When you suggested we wait closer to the proposed time to select a date I couldn’t have agreed more. Some people, I hear, are already planning Thanksgiving. Between you and me, I think they’re insane. I mean how many variables are between now and Thanksgiving? I can’t deal with too many variables at one time. So my general rule of thumb is to avoid looking beyond the end of the week. I don’t believe my cognitive capacity extends beyond 7 days in the future, though it does go for quite some time back into the past, but that’s because there are no variables involved. No vagaries or uncertainties. Nothing to predict. When I’m more than usually stressed my bubble shrinks to a span of 24 hours. That’s 1 day. Getting through the day becomes my central occupation, like alcoholics, addicts, participants in 12-step programs all over the globe. Occasionally, duringtime of great anxiety, I focus my attention on the present moment. When the present moment is absolutely all I can deal with, that’s what I do. However, when I realize that the present moment is not actually stable and defined, as I like to think it is, but constantly changing, that it is, in fact, ceaselessly shifting into the future moment, I realize that it is not just a moment all at, but eternity, masquerading as a moment, and I feel more than a little bit overwhelmed. I really need a pause, a full stop, a rest between the sentences. Sometimes I think that is all I need. Sometimes I think that would be enough to get me through the day.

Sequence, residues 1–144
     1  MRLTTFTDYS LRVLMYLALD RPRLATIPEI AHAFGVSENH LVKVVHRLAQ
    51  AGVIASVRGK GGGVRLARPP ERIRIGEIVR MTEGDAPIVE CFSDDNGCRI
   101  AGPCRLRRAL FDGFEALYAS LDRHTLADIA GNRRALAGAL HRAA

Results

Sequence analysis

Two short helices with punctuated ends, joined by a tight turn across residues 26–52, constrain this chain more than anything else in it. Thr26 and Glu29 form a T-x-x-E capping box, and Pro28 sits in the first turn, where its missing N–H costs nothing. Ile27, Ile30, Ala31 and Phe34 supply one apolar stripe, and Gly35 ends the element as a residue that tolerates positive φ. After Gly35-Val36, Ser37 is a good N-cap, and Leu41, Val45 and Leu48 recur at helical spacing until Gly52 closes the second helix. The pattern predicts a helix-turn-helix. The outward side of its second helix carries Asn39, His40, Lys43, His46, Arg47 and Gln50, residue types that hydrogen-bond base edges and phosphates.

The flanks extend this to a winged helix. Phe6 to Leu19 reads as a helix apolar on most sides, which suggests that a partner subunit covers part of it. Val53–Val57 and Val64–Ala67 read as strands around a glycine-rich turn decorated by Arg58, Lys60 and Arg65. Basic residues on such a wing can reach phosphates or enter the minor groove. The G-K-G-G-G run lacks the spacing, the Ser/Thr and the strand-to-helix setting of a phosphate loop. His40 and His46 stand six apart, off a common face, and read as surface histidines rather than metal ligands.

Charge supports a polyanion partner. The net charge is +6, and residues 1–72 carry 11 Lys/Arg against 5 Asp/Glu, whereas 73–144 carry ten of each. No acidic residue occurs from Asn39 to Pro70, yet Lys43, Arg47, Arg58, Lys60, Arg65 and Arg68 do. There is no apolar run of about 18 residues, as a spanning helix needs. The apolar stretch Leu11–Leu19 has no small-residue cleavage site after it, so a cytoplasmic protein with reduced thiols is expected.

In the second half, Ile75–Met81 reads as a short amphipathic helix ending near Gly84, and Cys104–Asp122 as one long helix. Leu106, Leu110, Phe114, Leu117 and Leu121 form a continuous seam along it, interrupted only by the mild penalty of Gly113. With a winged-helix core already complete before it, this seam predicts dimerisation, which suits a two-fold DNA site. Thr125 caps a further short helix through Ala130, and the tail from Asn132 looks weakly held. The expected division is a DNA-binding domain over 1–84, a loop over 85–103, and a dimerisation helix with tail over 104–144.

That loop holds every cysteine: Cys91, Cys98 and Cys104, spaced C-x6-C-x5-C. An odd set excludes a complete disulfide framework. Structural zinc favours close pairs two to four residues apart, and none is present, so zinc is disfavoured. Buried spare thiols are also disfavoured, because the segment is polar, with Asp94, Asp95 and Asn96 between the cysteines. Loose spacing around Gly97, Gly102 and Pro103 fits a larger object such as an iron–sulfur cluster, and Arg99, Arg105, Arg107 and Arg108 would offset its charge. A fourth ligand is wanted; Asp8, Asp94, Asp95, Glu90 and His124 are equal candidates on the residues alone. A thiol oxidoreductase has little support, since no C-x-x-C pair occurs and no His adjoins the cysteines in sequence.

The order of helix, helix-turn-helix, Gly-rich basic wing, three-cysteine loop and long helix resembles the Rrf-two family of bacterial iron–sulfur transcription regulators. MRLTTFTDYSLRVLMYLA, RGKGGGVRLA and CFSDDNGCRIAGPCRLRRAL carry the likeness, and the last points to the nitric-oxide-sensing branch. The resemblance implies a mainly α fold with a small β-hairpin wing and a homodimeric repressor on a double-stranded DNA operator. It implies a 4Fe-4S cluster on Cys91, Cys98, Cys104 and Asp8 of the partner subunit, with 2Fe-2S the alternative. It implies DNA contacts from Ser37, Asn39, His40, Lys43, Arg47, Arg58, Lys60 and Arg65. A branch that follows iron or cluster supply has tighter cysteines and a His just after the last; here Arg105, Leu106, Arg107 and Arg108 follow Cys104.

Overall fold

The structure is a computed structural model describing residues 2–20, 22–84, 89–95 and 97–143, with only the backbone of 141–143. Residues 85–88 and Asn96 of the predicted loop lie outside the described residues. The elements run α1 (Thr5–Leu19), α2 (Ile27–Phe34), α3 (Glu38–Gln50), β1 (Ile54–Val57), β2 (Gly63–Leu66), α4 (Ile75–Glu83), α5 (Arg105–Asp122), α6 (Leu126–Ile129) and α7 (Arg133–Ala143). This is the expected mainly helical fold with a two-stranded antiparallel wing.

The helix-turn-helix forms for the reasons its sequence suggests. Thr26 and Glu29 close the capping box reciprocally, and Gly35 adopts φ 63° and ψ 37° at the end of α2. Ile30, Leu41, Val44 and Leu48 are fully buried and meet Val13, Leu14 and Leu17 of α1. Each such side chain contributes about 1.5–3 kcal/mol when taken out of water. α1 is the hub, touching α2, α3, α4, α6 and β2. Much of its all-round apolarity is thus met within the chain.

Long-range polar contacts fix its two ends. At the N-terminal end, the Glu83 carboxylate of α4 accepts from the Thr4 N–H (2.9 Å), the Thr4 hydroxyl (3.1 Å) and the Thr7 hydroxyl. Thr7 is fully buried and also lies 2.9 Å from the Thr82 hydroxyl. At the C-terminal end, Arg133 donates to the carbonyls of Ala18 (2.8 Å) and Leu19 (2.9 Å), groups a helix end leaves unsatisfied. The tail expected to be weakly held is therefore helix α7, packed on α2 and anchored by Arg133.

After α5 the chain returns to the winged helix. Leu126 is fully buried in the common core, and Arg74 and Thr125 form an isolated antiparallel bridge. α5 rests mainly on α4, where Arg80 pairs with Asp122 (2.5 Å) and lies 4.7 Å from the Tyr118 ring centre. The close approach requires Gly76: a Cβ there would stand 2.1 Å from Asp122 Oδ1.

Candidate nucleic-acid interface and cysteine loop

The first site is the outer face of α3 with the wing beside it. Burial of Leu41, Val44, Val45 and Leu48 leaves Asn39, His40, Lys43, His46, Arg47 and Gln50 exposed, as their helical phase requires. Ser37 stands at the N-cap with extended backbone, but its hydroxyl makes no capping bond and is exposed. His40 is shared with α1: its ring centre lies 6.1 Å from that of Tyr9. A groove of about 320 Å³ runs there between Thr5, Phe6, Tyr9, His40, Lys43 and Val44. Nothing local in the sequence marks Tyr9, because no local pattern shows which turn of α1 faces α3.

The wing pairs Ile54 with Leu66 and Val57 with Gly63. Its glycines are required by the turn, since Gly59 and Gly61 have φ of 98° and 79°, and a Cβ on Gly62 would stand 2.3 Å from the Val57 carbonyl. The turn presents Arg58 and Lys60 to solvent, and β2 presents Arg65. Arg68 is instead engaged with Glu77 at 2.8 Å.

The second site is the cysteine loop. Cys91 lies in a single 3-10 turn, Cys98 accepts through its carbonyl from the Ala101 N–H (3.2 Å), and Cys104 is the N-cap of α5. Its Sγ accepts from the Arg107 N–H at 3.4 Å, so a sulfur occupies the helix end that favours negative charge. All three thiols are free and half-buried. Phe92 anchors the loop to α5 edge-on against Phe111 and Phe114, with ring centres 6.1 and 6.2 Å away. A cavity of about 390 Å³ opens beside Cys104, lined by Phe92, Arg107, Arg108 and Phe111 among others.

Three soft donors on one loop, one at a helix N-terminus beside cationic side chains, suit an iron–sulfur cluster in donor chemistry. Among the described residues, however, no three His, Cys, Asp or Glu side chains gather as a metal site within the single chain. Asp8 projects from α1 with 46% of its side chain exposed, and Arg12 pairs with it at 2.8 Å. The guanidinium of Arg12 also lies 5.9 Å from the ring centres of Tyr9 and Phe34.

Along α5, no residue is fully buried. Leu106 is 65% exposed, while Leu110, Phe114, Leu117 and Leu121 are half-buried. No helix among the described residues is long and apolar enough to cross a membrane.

Rereading American Psycho
I’ve been rereading American Psycho by Brett Easton Ellis and I’m trying to figure out what it is about this novel that so fascinates me. Most of it I can’t even read. The only reason I made it through to the conclusion the first go around was because one of my students was reading it. Maybe it’s the mind-numbing repetition, which is comforting. Or maybe it’s the use of metonymy. I can’t resist metonymy, even when it appears in the form of a Restaurant Slut (despite the misogynist nomenclature). Maybe it’s not the novel itself that attracts me, but its association with Psycho and American Gothic. This last reading I became mesmerized by the repetitive references to Les Miserables, which I kept thinking must form a pattern, but never did. What I’m thinking now is that the mystery calling my name is, ironically, the lack of pattern, the lack of meaning, which is the one thing I cannot possibly tolerate, so I keep going back, looking for some clue that I’ve missed.
Bio: Nettie Farris is the author of Communion (Accents Publishing, 2013), Fat Crayons (Finishing Line Press, 2015), and the micro-chapbook Story (Origami Poems Project, 2016). Her chapbook The Wendy Bird Poems is forthcoming from dancing girl press.